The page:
Jacks or Better to Open

Hancock.Tom, Game of Authors card deck from 1897, marked as public domain, more details on Wikimedia Commons

After responding to comments this morning, I started thinking about family time and how often we played card games. There was always a well worn deck of playing cards within easy reach. There were also specialty cards, too.

Of course some of the earliest games were Match, a memory game where half the deck was placed face down as the players try to find the matching cards. There was always War with the goal being to capture the entire deck of cards or Go Fish for the younger set. If you were by yourself, then a quiet game of Solitaire would help pass the time. When you got mad at a sibling, there was always 52 Pickup!

We also had a deck of Old Maid but playing cards would do in a pinch using the Joker as the Old Maid.

How about a game of Authors? It was a deck of cards with photos of well known classic authors with names of their works. That’s how I learned who James Fenimore Cooper was.

Our family, especially my mom’s parents, loved Rook. Another classic game with the goal of ‘taking tricks’.

We learned to play poker at a very early age. Five Card Draw, Jacks or Better to Open was a family favorite. We all learned very early what card combinations would beat another. Five Card Stud was another favorite.

Of course there was Black Jack, too. “Hit Me” was often echoing through the house, but learning when to split, stand, or take a hit was critical. Do you dare take a hit on a sixteen?

Rummy, Hearts, and Spades were popular when several people would play. My mom was a bit of a sore loser and I have seen her hurl her hand of cards across the room when she lost.

No one in my family played Bridge but I remember all the 50s TV couples playing. We did play Euchre but I do not remember the rules well enough to play today. Pinochle was another favorite but I would need a major refresher on that one, too!

It was easier to play cards back in the day because everyone played and therefore almost everyone was well versed in the rules. No extra time was needed to ring people up to speed. Families spent a lot more time together then it seems.

I am sure there are others, but these were the most common in our house.

Did you play any of these games? Do you still play cards today?


26 thoughts on “Jacks or Better to Open”

      1. The most I ever one in one long game was £110. But that was in 1974, so quite a lot of money then. The most I ever lost was £50, later that same year.


  1. I played cards with friends iften. I didn’t play much with my spouse as he was a sore loser. I never learned Bridge. Penny poker was popular with couples. Mexican Train was played with my aunt and uncle.

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  2. I’m kind of limited by the fact that one hand doesn’t work all that well, so I play solitaire online at

    Mom and Dad played Gin Rummy, and after Dad died she taught the three of us how to play so she’d have someone to play with. We all got really good at it and were defeating her almost as often as Dad had. Mom said that she and Dad would play gin every night when she was expecting me, and Dad beat her with regularity. They played penny-a-point, and by the time I was born she owed him a couple thousand dollars.

    I sat and watched Dad and his brother Ed play cribbage one afternoon at Grandma’s house. Still can’t figure it out. We used to visit his uncle Lawrence about once a year, and they had several pinochle and euchre decks. No idea how to play them, either, and you can’t play solitaire with a pinochle deck. (At least, not that I know of….)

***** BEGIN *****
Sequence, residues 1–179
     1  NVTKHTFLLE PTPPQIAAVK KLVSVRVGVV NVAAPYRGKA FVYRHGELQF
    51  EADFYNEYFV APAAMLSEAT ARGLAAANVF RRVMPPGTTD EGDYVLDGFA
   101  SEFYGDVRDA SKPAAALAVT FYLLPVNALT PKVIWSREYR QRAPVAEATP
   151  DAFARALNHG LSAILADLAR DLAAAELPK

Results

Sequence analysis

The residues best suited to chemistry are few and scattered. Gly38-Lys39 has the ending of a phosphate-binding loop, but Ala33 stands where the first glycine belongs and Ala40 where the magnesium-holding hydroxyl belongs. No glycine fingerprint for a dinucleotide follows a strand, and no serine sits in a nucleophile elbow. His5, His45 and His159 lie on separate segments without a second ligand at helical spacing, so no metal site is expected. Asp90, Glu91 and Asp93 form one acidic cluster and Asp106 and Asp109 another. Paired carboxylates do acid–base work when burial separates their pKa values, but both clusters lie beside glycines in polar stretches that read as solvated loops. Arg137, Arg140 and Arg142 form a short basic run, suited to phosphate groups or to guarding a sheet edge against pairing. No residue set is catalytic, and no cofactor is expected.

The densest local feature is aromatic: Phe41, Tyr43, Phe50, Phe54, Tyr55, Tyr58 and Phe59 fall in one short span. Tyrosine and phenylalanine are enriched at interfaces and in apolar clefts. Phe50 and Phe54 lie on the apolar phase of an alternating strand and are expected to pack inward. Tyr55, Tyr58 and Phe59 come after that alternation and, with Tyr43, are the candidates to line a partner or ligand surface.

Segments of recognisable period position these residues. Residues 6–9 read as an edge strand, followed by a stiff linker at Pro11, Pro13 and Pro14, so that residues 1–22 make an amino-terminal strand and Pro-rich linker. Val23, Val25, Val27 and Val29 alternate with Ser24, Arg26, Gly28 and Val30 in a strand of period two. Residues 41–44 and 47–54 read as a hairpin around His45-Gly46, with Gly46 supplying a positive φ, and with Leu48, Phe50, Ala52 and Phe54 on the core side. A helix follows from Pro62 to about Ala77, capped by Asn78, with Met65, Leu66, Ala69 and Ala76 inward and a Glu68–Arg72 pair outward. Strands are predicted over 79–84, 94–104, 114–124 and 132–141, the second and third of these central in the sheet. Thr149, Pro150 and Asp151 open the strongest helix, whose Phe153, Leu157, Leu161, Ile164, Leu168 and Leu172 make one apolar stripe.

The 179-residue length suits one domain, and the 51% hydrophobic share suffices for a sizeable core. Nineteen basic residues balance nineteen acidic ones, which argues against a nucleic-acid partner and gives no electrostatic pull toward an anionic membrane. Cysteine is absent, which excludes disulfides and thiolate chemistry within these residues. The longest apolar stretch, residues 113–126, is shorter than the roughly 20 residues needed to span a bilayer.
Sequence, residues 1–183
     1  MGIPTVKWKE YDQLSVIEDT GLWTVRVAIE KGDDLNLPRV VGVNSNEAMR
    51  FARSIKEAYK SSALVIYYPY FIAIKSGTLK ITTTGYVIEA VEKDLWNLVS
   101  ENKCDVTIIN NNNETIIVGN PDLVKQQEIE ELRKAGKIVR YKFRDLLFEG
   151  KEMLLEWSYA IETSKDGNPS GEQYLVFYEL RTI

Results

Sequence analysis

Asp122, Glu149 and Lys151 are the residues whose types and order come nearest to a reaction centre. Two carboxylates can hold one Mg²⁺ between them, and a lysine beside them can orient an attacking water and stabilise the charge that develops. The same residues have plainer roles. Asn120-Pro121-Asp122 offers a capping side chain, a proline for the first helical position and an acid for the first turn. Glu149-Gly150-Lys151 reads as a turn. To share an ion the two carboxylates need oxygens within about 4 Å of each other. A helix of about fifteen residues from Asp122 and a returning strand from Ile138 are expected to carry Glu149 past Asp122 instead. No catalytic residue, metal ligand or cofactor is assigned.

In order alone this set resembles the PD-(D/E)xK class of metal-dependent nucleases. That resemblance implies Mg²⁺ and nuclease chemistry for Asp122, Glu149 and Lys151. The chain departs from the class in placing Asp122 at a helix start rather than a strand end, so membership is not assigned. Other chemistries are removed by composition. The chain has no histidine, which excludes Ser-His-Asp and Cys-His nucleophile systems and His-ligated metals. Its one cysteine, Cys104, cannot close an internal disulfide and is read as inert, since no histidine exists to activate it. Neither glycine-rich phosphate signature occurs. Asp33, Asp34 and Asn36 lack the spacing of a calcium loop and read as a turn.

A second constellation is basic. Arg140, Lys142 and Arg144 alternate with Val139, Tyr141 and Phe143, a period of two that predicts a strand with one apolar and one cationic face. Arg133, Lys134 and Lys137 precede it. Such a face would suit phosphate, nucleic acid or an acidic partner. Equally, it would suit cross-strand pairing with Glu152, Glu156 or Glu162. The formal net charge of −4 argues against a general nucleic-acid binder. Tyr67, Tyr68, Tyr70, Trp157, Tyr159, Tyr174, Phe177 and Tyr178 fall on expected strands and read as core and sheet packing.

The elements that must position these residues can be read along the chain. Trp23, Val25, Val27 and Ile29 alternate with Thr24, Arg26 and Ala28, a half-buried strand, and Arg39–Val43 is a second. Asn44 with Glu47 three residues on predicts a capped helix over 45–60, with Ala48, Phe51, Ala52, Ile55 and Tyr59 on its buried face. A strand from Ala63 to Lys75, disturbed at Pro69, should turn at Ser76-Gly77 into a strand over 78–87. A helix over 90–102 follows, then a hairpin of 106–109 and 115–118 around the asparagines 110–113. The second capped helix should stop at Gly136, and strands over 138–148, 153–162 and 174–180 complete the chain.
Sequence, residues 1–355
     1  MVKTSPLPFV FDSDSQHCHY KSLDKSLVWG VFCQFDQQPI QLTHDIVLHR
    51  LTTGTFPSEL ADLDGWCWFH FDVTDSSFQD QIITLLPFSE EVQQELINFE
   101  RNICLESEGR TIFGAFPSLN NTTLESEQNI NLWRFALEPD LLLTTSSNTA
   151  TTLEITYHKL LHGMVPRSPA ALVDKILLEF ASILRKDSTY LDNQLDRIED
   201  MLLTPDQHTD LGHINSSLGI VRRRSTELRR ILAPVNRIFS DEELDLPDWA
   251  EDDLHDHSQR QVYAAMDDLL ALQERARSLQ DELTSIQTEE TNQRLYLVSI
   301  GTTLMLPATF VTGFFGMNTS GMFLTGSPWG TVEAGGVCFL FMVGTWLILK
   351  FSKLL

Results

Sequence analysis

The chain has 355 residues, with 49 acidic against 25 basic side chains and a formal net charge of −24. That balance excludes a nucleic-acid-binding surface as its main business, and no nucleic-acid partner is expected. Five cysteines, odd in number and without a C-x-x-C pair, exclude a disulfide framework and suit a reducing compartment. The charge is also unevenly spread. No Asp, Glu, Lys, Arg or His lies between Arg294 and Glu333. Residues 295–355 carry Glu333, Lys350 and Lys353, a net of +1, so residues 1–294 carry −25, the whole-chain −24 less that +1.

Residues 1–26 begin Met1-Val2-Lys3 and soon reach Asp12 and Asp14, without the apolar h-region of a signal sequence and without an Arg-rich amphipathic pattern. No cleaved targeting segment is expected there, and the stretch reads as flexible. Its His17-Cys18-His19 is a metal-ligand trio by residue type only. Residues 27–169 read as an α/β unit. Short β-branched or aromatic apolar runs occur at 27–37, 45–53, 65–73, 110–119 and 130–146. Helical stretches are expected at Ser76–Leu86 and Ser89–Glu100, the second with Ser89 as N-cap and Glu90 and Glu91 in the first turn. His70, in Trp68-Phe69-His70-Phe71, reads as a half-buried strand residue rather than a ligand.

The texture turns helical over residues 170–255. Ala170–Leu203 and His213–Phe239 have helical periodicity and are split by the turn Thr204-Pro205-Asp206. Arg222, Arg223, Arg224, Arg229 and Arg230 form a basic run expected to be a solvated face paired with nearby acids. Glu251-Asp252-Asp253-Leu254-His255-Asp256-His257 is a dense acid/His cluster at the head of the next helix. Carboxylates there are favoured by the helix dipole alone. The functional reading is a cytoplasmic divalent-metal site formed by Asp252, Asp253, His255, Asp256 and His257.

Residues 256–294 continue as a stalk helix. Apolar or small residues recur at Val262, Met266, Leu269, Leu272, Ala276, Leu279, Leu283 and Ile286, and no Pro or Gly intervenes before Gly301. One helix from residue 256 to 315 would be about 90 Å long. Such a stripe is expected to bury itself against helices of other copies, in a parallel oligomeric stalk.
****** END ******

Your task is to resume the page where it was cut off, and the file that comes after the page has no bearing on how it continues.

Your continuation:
Now, bridge was huge in my neighborhood when I was in grammar school. Everybody played bridge. Grandma and her sister Florence were absolute sharks when they played. I’m serious, they played like they were out for blood.

    And of course we all played card games. Dad taught us the rudiments of poker and Blackjack before he died. Jim played bid whist for a while, I think. And of course, we played the kids’ games: Old Maid, War, Crazy Eights, Hearts, Slap Jack (which got very violent when we played it)…

    We had a few card games that came with their own decks, like Mille Bornes (a French driving game), Uno (which was really big at one time, and I understand still is), and Skip-Bo (made by the same people who came up with Uno). One Christmas, we played Uno as a family, and Kip and I ganged up on the rest of the family (we would consult each other on what we should play next).

    Oh, this was fun…


    1. What a delightful comment to read. It brought back a lot of memories about how most families used to spend their time.

      My Dad played cribbage but I never understood it either. I did find creative ways to play with the cribbage board, though.

      I had forgotten about Crazy Eights and Slap Jack! Oh how crazy we could get playing Slap Jack.

      So many of the games are trick taking games or trump games. I would like to think they would be easy to learn, but I am probably incorrect.

      We also played Skip-Bo and Uno. I may still have an Uno deck around here in a closet somewhere.

      This was so much fun to read, John. Thank you.

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  3. What a fun subject to think back on. We used to play lots of card games with friends back in the day, pretty much all that’s been mentioned. Spades was a favorite. For awhile we played Bridge, and also Canasta. One time some girlfriends and I invented one similar to gin, but we called it the 5 deck game, because we used 5 decks at once. Skip bo we played some, and it was invented by a lady in a small town near where we live. 🙂

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